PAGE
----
Founded in 2008, NDCBP is a coalition of activists and civil society organizations advocating for greater transparency and accountability of government spending across the Niger Delta. While its work had gained NDCBP wide respect among local, national, and international audiences, the organization expressed concern that its work had not yielded the government reforms it targeted. Several factors prevented NDCBP from realizing the impact it sought. Historically tense relations between NDCBP and government officials—exacerbated by the coalition’s frequent and antagonistic commentary on government performance—had perpetuated a cycle of mistrust. This dynamic impeded opportunities for dialogue between NDCBP and the state and therefore limited the coalition’s influence.
Additionally, NDCBP’s approach to research was not sophisticated enough to evaluate the complex processes it sought to influence. Its analysis evaluated, in largely binary terms, if state budget allocations translated into visible public assets and used linear models for assigning accountability for poor performance in budget execution. As its analyses lacked important context and technical nuance, governments were able to easily dismiss them as uninformed and unconstructive. Finally, limited organizational capacity and resources further constrained NDCBP’s efficacy.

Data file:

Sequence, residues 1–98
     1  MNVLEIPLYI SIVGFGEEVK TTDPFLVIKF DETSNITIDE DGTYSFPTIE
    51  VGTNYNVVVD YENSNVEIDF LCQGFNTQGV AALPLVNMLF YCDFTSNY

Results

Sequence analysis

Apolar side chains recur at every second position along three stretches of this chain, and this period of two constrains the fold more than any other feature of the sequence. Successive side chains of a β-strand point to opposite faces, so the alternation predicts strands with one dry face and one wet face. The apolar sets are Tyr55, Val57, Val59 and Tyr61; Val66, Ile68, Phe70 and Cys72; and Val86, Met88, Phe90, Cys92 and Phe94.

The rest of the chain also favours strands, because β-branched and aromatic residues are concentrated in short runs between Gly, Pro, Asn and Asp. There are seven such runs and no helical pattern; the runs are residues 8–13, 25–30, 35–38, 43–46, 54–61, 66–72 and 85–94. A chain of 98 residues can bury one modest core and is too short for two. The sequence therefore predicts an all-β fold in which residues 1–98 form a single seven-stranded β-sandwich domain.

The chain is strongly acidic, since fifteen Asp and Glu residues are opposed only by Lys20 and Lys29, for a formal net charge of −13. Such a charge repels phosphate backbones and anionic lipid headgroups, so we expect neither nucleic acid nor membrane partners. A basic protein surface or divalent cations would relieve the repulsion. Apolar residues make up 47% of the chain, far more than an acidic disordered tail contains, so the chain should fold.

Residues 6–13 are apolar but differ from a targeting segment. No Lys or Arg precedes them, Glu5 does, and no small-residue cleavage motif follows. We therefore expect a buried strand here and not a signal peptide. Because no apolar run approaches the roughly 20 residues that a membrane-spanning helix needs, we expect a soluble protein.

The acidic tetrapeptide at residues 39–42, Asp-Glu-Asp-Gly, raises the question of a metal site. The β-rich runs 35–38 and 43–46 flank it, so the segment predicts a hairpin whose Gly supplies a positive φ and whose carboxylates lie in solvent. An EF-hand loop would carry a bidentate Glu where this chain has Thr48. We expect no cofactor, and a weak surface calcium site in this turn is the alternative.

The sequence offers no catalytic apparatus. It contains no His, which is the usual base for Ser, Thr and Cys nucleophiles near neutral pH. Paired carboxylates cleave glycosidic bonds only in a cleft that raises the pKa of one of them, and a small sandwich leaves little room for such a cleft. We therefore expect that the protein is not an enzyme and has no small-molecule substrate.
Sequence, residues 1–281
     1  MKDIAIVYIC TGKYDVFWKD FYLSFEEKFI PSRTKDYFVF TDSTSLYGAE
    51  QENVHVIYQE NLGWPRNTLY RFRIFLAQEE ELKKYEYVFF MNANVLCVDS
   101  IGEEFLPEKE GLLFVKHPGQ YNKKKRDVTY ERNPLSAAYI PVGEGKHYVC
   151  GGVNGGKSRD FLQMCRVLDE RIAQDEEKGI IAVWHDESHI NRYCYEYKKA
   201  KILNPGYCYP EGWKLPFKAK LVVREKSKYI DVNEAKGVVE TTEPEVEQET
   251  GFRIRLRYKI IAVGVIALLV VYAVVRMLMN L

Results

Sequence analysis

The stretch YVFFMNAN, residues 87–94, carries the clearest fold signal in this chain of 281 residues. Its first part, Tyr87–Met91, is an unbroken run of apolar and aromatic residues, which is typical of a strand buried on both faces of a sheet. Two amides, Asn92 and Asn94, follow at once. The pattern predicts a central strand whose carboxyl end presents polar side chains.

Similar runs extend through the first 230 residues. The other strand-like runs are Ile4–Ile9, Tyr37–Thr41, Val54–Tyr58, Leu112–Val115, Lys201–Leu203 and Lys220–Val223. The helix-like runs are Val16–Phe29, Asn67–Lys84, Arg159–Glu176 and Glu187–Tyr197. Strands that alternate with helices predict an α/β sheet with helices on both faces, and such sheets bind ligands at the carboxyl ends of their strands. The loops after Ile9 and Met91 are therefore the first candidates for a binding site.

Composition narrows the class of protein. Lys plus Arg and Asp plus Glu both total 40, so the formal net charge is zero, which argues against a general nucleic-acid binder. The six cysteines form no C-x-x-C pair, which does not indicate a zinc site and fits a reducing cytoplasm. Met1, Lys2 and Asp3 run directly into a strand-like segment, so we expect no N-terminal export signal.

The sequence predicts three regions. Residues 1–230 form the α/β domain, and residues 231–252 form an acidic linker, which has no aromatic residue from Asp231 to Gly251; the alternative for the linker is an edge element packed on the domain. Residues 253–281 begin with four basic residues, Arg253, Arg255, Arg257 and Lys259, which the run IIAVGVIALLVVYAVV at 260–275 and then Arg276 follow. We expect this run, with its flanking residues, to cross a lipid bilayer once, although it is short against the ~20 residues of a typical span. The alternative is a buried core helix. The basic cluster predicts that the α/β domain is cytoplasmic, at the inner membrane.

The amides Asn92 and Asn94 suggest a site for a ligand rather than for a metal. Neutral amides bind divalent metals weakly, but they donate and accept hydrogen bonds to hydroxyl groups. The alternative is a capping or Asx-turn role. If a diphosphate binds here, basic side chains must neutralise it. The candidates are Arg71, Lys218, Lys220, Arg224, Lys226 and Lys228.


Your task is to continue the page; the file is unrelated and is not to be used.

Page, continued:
Despite its activist orientation, NDCBP was open to exploring alternative models for its work. Reboot was engaged to manage a grant to NDCBP to improve the impact of its budget advocacy efforts. Specifically, Reboot sought to enhance the political relevance and influence of the coalition’s advocacy. Doing so required that NDCBP’s work be regarded as credible by the actors it sought to influence; improving the technical rigor of NDCBP’s research and analysis was therefore an early priority. Once armed with reliable data, NDCBP then needed to win the attention and interest of the key actors it sought to influence.